Nancy Armour has seen enough. Enough declining power. Enough overmatched at bats. Enough strikeouts.
Enough for the USA Today columnist to know that this is as good as it gets for 31-year-old Mets prospect Tim Tebow.
And right now, “this” is pretty bad.
As of Friday afternoon, Tebow was batting .131 with 34 strikeouts in 26 games at Triple-A Syracuse.
New York — and the major leagues — couldn’t seem further away.
“Tebow isn’t good enough to make the majors,” Armour writes. “Not this season, not ever.”
The former Heisman Trophy-winner and two-time BCS national champion at the University of Florida hoped for a second life in baseball after spending parts of five seasons as an NFL quarterback.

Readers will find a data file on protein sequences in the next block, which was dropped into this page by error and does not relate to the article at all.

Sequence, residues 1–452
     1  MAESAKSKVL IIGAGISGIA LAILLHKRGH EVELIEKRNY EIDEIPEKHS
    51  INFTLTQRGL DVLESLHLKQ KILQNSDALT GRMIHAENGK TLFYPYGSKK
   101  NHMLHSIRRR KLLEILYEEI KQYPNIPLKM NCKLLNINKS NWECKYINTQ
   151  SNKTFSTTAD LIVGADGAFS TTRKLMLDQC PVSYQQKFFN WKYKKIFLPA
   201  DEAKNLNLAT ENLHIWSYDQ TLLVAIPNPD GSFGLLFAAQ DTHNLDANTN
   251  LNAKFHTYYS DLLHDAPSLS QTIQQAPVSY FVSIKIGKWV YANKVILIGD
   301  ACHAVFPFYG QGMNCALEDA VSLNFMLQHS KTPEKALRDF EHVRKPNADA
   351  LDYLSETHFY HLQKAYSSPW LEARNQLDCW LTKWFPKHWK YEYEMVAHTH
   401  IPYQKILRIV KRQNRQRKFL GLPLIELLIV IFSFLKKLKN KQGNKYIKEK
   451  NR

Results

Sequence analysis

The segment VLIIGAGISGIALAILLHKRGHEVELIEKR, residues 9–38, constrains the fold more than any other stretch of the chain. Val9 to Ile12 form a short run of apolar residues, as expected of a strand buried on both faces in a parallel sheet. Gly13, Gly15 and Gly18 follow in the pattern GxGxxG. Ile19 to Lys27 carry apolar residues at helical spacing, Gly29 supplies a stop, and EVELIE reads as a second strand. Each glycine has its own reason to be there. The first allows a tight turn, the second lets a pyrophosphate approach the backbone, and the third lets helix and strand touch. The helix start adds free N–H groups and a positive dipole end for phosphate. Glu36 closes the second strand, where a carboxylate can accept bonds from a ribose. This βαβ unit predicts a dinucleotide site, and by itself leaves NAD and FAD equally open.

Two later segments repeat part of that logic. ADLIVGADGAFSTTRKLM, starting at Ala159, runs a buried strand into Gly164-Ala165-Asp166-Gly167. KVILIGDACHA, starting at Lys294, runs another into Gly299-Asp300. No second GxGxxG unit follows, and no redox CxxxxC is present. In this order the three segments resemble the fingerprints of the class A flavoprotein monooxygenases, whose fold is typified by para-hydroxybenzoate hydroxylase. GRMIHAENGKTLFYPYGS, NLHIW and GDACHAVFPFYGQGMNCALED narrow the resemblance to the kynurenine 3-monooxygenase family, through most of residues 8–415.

He made an instant impression after signing with the Mets, homering on the first pitch of his first at bat during an instructional league game in 2016. He showed promise last season, making the Eastern League All-Star team while hitting .273 in 84 games at Double-A Binghamton.
But a hand injury ended his season in July, and it’s been downhill ever since.
Pitchers have been pounding Tebow inside, and he’s had difficulty making adjustments.
At this point, age — and the corresponding decline in reflexes and hand-eye-coordination — is working against him.
“Once either a feel-good story of perseverance or an object of curiosity," Armour writes, "Tim Tebow’s baseball career is now just a sad case of an athlete who can’t move on.”